Today’s post focuses on players who quite possibly won’t be drafted at all, though I think they should be. In my opinion, each of these guys could have a long and productive NBA career. I see them as very good value picks in the mid- to late second round, where any sort of usefulness is a welcome surprise, or as undrafted free agents signing a minimum-salary or hybrid contract.
Jeremy Morgan (Northern Iowa) – 22.1 years old, 6’5” 195 pounds, wingspan unknown
Comp: Garrett Temple or Danny Green, with a jumper somewhere in between
Position: Perimeter Defender
Am I crazy, or is everyone else? This is how I feel when I compare my evaluation of Jeremy Morgan to the consensus. Because I think Jeremy Morgan should be a first round pick, or early second rounder at worst . . . and I may be alone in that regard. On DraftExpress, for example, Morgan doesn’t crack the top 100 overall prospects, the top 25 prospects outside major conferences, or even the top 70(!) NCAA Seniors.
So, what’s the source of this disconnect? I’ll start with why I think scouts are so low on him.
With the ball in his hands, Morgan is neither quick nor shifty nor explosive. He certainly can’t break down a defense off the dribble. Morgan also doesn’t have textbook form or an especially quick release on his jumper. His shooting form on dribble jumpers is particularly awkward and inconsistent, as his shaky handle and long strides prevent him from gathering and shooting in a smooth, controlled, repeatable motion. Morgan’s shot creation ability is more along the lines of a Forward rather than a Guard, yet he lacks the size and strength of a typical Forward.
Now the rebuttal:
Morgan’s offensive game isn’t flashy, but it’s functional. He’s always converted a respectable percentage of his catch-and-shoot jumpers, shooting 36% from 3 on high volume in his college career. He makes his free throws at an 80% clip, and prior to this year he shot a high percentage inside the arc as well, largely off of smart cuts to the rim, putbacks, and transition opportunities. More than that, Morgan consistently makes good decisions with the ball, with more assists than turnovers all 4 years, including the past 2 years where he averaged 3 assists per 40 minutes.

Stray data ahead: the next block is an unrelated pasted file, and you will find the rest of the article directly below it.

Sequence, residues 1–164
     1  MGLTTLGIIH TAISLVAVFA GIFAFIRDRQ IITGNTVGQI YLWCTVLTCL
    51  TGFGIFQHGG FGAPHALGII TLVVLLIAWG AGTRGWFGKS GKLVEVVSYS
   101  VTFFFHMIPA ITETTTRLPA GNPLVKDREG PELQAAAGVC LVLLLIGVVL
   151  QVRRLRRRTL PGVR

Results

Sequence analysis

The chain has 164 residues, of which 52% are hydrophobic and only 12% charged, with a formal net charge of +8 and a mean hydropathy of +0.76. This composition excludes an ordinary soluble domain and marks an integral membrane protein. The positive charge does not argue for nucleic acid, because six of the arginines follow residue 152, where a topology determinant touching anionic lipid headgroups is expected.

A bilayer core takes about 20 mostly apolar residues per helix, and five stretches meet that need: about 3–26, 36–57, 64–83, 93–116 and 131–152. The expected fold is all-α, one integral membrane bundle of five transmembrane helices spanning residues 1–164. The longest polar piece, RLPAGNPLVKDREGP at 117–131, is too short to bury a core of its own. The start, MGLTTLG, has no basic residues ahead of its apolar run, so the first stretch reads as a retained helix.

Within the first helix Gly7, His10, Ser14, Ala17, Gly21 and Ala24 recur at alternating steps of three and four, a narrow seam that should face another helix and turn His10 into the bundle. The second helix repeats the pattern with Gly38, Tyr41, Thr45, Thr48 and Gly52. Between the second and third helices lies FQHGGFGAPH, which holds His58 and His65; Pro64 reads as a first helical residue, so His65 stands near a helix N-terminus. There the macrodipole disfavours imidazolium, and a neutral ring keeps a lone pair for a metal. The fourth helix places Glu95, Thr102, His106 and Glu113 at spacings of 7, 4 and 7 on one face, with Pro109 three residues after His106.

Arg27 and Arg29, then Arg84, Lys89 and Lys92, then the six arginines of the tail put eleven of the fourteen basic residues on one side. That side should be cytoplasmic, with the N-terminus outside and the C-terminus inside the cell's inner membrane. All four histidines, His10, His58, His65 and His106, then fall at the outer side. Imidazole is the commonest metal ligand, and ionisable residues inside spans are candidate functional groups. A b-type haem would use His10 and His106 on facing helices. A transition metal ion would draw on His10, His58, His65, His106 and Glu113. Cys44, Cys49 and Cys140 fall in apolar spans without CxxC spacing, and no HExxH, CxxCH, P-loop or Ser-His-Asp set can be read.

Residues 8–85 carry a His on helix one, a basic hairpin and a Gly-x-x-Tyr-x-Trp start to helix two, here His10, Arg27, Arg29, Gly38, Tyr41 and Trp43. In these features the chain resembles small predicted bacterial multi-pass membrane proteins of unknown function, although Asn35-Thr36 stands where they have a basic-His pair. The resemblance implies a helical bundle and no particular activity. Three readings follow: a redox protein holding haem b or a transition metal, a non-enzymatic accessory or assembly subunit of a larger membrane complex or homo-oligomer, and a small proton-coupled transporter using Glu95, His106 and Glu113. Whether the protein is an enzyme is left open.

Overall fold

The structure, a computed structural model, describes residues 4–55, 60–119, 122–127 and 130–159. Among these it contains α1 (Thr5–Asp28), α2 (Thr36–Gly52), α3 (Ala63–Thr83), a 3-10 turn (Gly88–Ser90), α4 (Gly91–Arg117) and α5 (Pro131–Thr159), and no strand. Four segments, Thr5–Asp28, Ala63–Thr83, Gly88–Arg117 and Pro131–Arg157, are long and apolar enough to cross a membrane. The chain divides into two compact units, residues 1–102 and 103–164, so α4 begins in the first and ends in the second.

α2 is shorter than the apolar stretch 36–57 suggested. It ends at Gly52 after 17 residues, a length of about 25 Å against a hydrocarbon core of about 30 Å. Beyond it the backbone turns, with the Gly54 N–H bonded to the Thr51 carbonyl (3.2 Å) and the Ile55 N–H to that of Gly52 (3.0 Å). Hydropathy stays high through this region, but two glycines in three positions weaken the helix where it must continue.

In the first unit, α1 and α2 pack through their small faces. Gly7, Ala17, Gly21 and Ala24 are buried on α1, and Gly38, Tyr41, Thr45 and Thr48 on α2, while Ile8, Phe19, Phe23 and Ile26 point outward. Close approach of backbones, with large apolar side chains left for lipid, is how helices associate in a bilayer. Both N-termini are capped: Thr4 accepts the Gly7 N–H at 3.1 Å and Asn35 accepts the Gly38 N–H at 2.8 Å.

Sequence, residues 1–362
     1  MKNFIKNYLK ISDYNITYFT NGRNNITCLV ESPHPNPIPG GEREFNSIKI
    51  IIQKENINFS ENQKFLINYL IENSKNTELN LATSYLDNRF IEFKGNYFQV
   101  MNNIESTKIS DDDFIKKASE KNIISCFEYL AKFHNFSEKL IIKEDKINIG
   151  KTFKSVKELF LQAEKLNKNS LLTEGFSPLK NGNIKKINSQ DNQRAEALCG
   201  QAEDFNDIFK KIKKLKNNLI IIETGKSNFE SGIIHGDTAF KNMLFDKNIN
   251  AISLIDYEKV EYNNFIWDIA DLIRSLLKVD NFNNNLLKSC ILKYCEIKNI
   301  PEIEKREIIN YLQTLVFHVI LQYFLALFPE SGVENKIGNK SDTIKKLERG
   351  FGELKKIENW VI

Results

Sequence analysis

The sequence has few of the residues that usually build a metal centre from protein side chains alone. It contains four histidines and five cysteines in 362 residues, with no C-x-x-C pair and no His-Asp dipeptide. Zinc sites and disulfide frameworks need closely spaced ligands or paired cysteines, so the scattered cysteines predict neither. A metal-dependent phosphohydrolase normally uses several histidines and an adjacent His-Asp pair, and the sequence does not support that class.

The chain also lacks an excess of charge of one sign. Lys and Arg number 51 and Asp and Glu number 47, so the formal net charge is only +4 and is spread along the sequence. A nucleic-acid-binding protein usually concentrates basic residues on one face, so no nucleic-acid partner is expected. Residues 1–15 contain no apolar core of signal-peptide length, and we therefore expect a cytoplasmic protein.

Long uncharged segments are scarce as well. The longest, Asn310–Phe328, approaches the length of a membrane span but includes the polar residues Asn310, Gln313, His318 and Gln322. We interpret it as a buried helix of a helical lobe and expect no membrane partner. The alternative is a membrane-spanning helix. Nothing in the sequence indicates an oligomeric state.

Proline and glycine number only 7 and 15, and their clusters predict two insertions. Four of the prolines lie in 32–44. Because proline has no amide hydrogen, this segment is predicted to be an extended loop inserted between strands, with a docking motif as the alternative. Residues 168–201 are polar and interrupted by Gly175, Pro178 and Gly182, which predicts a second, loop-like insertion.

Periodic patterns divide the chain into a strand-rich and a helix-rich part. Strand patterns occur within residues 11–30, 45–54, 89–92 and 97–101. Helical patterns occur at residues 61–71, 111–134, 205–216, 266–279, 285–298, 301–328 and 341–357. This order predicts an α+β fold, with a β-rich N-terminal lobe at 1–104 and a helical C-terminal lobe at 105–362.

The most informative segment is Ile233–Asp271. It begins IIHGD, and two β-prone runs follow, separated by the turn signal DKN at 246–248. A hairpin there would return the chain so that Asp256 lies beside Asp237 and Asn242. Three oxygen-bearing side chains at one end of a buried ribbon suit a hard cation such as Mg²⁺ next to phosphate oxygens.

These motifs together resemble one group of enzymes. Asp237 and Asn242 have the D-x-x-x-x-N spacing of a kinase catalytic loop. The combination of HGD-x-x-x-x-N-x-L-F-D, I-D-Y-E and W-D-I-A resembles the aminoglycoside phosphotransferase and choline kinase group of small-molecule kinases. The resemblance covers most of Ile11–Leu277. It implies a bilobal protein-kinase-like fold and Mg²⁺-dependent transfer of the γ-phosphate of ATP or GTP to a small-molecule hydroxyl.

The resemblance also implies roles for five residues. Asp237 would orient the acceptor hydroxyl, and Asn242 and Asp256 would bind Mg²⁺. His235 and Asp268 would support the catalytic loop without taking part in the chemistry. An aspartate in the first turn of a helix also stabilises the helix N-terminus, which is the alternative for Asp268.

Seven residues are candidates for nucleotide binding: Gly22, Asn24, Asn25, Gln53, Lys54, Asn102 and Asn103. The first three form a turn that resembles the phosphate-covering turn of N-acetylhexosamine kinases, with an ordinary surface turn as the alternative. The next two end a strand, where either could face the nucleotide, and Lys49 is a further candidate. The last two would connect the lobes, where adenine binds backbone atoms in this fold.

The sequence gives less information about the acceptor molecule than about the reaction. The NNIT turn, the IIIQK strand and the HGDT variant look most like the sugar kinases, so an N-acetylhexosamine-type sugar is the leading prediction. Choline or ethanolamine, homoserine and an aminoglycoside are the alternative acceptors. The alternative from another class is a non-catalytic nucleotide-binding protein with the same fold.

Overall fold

Defensively, few players are as active or engaged. Morgan spent his career as Northern Iowa’s defensive stopper, guiding the team to a top-50ish defensive rating each of the past 3 years. Earlier this week I said that the most important physical traits to be an effective and versatile NBA defender are lateral quickness, long arms, and quick hands—and Morgan has all 3. He deftly slides his feet to stay in front of point guards, and he generates boatloads of steals and blocks with his anticipation, reach, and effort both on-the-ball and as a help defender. I’m particularly impressed by his defense of post entry passes, as he invariably contests the pass and then often the catch as well, reaching back to deflect the ball away from the post player or pressuring him into a bad spot. Here’s an example from his DraftExpress video: